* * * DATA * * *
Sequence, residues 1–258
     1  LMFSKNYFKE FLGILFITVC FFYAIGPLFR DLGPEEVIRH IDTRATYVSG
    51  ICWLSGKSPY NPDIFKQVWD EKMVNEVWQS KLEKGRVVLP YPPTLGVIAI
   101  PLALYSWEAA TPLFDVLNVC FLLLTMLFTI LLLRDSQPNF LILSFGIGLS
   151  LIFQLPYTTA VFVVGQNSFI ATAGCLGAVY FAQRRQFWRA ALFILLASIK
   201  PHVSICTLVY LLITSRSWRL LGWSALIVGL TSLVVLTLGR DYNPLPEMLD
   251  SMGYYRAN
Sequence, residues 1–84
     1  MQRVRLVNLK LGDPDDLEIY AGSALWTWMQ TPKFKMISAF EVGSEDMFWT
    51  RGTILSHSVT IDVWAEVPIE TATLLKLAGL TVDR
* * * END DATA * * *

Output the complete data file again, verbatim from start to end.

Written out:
Sequence, residues 1–258
     1  LMFSKNYFKE FLGILFITVC FFYAIGPLFR DLGPEEVIRH IDTRATYVSG
    51  ICWLSGKSPY NPDIFKQVWD EKMVNEVWQS KLEKGRVVLP YPPTLGVIAI
   101  PLALYSWEAA TPLFDVLNVC FLLLTMLFTI LLLRDSQPNF LILSFGIGLS
   151  LIFQLPYTTA VFVVGQNSFI ATAGCLGAVY FAQRRQFWRA ALFILLASIK
   201  PHVSICTLVY LLITSRSWRL LGWSALIVGL TSLVVLTLGR DYNPLPEMLD
   251  SMGYYRAN
Sequence, residues 1–84
     1  MQRVRLVNLK LGDPDDLEIY AGSALWTWMQ TPKFKMISAF EVGSEDMFWT
    51  RGTILSHSVT IDVWAEVPIE TATLLKLAGL TVDR